Thursday, September 17, 2020

Bellarmine

Today is the feast of St. Roberto Francesco Romolo Bellarmino, SJ, Doctor of the Church. Born in 1542 in the province of Siena, he was the nephew of Pope Marcellus II. He was a prodigiously bright student, and he eventually went on to join the Jesuits. He spent quite a few years teaching theology, but the tumultuous politics of the day, as well as his own reliability and loyalty to the Church, resulted in the popes repeatedly drawing on his expertise in difficult missions. He died at the age of 78, on September 17, 1621. He was canonized by Pope Pius XI in 1930, and declared a Doctor of the Church the next year.

From his catechism, which for a very long time was the most influential catechism in publication:

S. In what arrangement are these mysteries understood in the most holy sign of the Cross?

T. When we make the most holy sign of the cross we say, "In the name of the Father, and of the Son, and of the Holy Spirit," and we sign ourselves in the manner of the cross. We touch our forehead with our right hand while saying, "In the name of the Father," next the breast when saying, "of the Son," and lastly, we raise our right hand, moving it from the left shoulder to the right while saying, "and of the Holy Spirit." The phrase "in the name of," signifies the unity of God, for we say, "in the name," not names; likewise, it shows the Divine Power that is in the three persons alone. Next, the words, "of the Father and the Son and the Holy Spirit," point out the persons of the Trinity. Moreover, the manner of signing oneself with a cross not only represents the Passion, but consequently also the Incarnation of the Son of God. The progression from the left to the right shoulder (but not from right to left), while using the right hand means we have been transported from transitory to eternal things, and from death to life.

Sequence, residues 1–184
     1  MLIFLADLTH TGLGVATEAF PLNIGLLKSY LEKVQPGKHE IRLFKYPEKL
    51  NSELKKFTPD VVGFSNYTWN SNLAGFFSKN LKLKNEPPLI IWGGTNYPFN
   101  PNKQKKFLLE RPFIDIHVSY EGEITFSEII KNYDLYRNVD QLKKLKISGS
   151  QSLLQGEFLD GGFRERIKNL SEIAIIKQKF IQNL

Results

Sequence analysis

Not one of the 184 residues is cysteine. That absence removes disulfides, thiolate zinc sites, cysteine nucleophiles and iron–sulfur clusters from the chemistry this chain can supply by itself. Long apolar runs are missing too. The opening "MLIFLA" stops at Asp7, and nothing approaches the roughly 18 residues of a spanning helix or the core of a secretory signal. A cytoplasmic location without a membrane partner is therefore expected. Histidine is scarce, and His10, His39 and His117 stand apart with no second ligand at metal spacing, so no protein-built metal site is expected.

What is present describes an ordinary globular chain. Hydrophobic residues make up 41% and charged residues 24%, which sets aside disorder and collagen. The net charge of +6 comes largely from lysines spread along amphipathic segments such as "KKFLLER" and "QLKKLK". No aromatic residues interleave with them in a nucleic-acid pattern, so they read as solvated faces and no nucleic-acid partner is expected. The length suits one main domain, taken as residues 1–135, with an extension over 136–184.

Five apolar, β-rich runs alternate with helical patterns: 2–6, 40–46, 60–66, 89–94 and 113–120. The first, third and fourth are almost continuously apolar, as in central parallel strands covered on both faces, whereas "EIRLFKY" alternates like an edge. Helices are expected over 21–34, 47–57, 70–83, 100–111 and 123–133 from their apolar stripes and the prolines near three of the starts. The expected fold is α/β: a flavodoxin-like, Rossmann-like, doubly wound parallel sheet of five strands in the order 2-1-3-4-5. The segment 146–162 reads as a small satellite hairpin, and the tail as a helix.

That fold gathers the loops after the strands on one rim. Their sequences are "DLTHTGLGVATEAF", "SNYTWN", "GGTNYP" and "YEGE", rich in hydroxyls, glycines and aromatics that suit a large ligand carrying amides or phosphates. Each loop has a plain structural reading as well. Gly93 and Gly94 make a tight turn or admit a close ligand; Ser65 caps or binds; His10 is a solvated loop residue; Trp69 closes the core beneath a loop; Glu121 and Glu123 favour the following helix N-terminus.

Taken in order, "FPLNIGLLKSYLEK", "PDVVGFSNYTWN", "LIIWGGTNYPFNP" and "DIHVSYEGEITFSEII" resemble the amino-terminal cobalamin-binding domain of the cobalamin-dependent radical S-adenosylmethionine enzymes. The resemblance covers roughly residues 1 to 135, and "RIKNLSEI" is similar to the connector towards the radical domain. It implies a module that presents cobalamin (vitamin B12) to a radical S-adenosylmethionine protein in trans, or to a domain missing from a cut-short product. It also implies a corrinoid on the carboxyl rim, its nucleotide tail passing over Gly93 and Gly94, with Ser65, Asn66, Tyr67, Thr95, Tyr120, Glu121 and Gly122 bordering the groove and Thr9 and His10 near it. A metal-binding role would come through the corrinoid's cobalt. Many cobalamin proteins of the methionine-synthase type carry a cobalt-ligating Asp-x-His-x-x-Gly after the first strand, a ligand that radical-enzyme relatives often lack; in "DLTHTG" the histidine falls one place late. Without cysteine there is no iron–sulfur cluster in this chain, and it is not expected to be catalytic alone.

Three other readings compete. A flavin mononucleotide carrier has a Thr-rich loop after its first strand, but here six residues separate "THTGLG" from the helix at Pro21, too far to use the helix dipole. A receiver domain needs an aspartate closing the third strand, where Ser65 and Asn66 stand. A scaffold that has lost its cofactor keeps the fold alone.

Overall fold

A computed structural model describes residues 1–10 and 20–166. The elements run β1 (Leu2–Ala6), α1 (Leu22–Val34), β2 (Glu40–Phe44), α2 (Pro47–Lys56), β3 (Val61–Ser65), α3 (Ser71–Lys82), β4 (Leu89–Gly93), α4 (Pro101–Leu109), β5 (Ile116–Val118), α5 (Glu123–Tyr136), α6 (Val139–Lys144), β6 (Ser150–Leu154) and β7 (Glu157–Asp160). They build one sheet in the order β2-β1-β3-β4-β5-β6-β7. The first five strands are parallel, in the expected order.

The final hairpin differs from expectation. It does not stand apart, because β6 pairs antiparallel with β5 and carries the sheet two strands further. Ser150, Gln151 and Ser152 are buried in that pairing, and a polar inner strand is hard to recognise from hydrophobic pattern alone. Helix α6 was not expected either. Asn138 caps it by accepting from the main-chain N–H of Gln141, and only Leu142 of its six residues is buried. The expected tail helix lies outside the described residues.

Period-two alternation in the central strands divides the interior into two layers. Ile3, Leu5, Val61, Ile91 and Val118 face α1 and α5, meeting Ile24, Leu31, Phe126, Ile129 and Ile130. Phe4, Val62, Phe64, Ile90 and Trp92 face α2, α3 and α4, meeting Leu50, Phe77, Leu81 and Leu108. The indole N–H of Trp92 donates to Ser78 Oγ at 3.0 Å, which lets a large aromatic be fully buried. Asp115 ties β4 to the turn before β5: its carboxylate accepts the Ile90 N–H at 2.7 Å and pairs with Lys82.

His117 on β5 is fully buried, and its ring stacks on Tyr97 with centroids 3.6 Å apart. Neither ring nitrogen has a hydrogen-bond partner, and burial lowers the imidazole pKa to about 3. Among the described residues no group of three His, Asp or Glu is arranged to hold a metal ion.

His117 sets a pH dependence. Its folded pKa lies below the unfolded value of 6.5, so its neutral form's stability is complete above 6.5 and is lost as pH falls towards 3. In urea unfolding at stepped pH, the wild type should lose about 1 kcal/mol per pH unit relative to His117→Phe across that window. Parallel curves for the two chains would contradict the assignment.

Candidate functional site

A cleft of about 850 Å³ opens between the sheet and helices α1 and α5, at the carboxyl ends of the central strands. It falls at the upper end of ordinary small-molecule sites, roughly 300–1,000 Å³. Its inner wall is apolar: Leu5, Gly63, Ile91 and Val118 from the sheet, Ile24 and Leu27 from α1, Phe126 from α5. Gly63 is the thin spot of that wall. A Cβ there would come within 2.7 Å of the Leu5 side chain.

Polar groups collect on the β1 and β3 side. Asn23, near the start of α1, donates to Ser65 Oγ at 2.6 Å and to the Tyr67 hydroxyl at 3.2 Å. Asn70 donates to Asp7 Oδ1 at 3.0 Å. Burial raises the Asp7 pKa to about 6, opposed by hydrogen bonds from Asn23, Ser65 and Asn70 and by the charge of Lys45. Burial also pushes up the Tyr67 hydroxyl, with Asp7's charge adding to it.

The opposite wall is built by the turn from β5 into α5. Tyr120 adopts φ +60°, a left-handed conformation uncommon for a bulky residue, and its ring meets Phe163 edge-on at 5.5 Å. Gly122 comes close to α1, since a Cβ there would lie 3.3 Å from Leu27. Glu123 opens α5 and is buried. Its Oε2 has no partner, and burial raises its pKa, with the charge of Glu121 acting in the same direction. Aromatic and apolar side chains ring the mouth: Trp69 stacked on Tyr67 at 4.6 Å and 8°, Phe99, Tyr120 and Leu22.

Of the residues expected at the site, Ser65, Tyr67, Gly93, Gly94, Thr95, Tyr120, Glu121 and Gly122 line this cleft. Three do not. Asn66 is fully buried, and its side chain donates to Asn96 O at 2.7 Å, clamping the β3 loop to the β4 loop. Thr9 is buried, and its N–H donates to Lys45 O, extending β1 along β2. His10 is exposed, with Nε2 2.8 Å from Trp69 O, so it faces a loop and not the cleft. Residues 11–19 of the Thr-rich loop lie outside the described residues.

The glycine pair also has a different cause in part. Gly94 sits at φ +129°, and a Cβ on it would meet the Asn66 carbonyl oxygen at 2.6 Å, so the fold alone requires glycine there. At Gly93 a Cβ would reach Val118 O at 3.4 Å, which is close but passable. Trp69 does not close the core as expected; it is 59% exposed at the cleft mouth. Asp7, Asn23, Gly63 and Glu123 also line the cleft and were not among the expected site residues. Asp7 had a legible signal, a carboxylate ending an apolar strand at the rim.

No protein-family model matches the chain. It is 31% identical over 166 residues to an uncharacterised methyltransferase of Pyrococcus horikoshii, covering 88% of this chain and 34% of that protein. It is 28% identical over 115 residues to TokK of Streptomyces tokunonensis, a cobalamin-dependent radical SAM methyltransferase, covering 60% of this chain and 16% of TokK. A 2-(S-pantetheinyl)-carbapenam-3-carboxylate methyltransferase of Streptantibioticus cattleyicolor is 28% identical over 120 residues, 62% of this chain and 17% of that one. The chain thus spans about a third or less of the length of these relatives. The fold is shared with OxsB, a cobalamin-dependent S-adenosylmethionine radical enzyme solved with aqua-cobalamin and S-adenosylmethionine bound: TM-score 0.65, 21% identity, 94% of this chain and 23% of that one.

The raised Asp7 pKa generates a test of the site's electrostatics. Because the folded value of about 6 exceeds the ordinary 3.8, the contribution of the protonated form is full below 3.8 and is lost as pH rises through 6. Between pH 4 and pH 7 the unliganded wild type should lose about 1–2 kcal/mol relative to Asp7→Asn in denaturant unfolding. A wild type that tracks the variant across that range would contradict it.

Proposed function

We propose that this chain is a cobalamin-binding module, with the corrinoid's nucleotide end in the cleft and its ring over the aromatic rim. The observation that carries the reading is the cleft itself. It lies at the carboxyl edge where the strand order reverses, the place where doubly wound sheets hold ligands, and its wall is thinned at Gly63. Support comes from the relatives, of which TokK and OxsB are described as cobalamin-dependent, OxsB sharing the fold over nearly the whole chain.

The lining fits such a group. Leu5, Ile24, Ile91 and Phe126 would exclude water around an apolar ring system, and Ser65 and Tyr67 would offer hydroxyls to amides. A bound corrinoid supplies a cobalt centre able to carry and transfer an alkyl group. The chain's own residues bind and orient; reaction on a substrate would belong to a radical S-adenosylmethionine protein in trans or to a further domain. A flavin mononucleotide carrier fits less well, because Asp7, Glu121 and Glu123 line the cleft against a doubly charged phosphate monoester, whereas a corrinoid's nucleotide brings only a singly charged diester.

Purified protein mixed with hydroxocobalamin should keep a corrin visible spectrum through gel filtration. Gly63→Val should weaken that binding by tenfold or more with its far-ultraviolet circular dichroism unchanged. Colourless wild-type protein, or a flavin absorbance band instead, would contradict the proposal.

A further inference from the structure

[Robert Bellarmine, Doctrina Christiana, Ryan Grant, tr. Mediatrix Press (2016) pp. 8-9.]

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